That we celebrate the centenary of Madiba’s life this year is a clarion call to each and all across the globe that a life is worth celebrating when it is founded on ethical values, and dedicated to the fight the liberation of mankind. Madiba reminded us that (and I quote),
“For to be free is not merely to cast off one’s chains, but to live in a way that respects and enhances the freedom of others.” (Close quote)
Last month on 27 April we celebrated 24 years of democracy which also marked the end of over three hundred years of colonialism, oppression, segregation and white minority rule. The inauguration of a democratic dispensation in our country enjoined us to work together tirelessly, as a nation, to eradicate poverty, unemployment and persistent inequality in our society.
The month of May is also Workers’ Month, and it is only appropriate for me to use this opportunity to pay respect to our nation’s working population, to honour their daily contributions to the nation’s wealth and welfare, and to also honour their hard work and dedication towards building the prosperous future we aspire for our society.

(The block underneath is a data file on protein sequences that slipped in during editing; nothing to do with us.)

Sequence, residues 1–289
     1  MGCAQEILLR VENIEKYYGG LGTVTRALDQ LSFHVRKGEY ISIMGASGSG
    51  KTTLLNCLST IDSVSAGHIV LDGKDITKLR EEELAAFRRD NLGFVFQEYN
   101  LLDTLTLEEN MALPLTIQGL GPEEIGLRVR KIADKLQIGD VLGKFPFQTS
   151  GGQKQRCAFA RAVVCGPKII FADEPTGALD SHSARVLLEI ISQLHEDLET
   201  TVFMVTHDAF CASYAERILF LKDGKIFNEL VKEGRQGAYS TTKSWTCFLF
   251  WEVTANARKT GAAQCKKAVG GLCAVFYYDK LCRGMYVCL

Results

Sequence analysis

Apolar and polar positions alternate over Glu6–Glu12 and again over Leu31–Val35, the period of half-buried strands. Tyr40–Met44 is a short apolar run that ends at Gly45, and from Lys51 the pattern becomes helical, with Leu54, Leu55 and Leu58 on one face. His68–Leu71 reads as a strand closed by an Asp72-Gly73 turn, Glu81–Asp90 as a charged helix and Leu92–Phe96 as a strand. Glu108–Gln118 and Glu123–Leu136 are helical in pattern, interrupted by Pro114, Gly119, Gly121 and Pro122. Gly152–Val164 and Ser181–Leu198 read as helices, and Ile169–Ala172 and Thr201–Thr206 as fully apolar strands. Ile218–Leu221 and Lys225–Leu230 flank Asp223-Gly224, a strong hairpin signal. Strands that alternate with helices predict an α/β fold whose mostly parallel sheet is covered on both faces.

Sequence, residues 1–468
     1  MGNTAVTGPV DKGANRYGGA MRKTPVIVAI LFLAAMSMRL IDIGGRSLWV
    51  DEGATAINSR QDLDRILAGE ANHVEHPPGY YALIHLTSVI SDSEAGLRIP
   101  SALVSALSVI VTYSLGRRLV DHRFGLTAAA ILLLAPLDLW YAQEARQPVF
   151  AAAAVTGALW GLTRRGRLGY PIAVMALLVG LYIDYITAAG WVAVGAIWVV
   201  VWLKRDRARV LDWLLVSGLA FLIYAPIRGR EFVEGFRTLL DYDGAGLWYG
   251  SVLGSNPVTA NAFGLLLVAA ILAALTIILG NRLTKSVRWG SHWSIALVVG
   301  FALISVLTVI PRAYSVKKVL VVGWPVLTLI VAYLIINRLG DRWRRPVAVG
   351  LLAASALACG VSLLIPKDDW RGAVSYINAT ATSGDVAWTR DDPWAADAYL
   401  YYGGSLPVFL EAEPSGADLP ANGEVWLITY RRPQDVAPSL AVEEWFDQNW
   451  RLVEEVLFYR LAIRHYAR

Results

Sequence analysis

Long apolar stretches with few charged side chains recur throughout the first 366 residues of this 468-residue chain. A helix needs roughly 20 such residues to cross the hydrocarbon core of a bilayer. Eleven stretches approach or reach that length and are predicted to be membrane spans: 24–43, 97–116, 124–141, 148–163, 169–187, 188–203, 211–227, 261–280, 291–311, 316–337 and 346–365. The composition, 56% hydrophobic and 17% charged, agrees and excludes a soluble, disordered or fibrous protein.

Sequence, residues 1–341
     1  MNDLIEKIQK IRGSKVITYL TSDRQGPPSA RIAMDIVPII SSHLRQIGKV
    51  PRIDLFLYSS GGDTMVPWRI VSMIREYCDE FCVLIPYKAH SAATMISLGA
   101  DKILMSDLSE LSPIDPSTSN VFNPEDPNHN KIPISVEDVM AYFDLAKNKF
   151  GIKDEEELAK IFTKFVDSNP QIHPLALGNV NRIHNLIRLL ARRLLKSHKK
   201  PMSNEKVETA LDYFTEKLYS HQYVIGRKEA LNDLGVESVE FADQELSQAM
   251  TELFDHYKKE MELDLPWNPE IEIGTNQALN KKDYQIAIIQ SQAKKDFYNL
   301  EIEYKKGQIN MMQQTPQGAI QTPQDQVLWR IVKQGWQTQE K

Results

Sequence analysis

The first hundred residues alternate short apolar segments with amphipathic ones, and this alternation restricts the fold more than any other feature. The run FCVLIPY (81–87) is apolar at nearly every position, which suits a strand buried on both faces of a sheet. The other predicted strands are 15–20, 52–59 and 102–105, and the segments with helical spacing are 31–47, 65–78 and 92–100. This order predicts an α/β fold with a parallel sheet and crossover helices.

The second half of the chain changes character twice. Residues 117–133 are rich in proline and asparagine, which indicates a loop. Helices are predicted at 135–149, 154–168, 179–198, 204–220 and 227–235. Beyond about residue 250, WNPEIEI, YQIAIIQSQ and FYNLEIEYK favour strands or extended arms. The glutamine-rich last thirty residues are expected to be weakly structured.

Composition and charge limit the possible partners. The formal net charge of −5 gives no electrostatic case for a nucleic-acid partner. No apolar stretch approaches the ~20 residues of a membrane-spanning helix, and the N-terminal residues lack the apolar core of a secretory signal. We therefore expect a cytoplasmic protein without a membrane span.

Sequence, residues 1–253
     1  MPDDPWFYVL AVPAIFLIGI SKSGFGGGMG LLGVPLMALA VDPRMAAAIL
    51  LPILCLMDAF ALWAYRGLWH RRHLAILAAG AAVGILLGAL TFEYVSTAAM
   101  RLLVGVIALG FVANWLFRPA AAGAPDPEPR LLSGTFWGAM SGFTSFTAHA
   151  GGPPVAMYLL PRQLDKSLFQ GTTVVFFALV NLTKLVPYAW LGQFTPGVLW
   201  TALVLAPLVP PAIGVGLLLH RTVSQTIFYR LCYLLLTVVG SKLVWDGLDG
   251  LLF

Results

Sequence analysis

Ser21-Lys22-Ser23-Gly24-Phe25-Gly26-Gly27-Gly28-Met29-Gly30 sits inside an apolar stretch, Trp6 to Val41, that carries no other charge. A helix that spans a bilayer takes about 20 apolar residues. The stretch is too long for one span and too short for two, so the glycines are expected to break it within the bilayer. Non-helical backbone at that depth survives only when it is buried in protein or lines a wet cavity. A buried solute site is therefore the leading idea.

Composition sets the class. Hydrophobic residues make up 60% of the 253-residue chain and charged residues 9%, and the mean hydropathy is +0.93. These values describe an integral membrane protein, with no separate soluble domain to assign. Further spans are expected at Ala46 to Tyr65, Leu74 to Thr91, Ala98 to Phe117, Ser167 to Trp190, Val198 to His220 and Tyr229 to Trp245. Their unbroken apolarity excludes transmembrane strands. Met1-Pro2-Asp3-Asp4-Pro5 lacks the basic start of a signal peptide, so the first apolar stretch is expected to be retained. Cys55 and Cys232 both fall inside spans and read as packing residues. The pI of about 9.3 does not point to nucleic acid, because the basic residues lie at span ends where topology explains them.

We also wish to congratulate the bus drivers’, their unions, employers and all other role-players on reaching an amicable wage settlement.
As an ex-mine worker myself, this is not merely an expedient statement from a political platform, but rather, an expression of my deep-felt sympathy and appreciation for what our workers do on a daily basis. Whereas our democratic South Africa has done much to recognise workers’ rights and to enhance their living standards, there is no doubt that we still have more to do.